Aunt Viola’s Conspiracy

Yesterday, I told you about Aunt Viola, choir director at our church for many years, about 50 years ago. Today, I’d like to tell you what she did in church last week.

In our community, the song Nun Ist Sie Erschienen is a traditional Christmas hymn. Even though our church services have been in English since the 60s, and the song isn’t in any current hymnal, it’s still sung around Christmas. (There is a photocopy of this song with each hymnal.) Some of us wish it were sung a little more often.

Our church, like many Mennonite churches, has a sharing time during the service. People share what’s going on in their lives — joys or concerns, or whatever it may be.

Last Sunday, the first day of advent, the hymn wasn’t in the bulletin. The sermon that day was on surprises (very fitting). At the end of sharing time, one of the older people in our church got the mic and said something like “I feel like singing Nun Ist Sie Erschienen, so we’re going to right now!”

Aunt Viola had been in on this — she had checked with the organist in advance. So it was all set. Aunt Viola sprung up and somehow got to the front of the sanctuary very quickly (she is in her 80s), ready to direct the congregation! And it was great. I like the song too. It was one of my grandfather’s favorites (he played it wonderfully on harmonica) and we sang it (in English) at our wedding.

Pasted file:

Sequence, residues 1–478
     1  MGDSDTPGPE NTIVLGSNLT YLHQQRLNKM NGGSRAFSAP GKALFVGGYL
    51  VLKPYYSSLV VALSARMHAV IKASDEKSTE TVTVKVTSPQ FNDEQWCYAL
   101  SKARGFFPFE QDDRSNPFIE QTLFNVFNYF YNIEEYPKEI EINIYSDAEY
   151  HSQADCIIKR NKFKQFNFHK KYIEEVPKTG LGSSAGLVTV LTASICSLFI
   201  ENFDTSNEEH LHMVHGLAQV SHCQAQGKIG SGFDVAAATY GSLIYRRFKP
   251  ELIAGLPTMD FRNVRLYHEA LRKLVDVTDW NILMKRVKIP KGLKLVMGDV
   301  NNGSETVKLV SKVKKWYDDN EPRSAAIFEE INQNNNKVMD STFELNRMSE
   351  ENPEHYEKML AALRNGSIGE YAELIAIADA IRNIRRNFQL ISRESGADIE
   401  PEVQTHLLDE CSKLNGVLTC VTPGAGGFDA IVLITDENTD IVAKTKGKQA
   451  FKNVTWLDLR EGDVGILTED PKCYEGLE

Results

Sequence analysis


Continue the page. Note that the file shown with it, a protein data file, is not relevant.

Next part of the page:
After church, I asked Aunt Viola how long it had been since she had directed for a song. She didn’t know — “a very long time”. But she said that if I ever wanted to request a song during sharing time, she’d be happy to direct again! I think I might have to one of these days.

8 thoughts on “Aunt Viola’s Conspiracy

    1. “Sie” refers to the “die himmlische Sonne” (the heavenly sun) in the next phrase. The word “die Sonne” (the sun) is takes the feminine gender and “Sie” is the feminine pronoun. So to answer your question, the female person would be the sun.

  1. Please, could you photo copy that song and email it to me? I remember singing it at my Grandma’s church, Alexanderwohl Mennonite Church when I was a girl. I can’t find a recording or music for it.
    Thanks so much, and Merry Christmas

  2. “sie” in German simply means “the” there is a “the” in German for “male” “female” and “neuter” nouns, but there really is no rhyme or reason to the “gender” of any noun.

  3. we still sing it at Alexanderwohl in German (although you can sing it in English if you prefer) – one of my favorite Christmas traditions!

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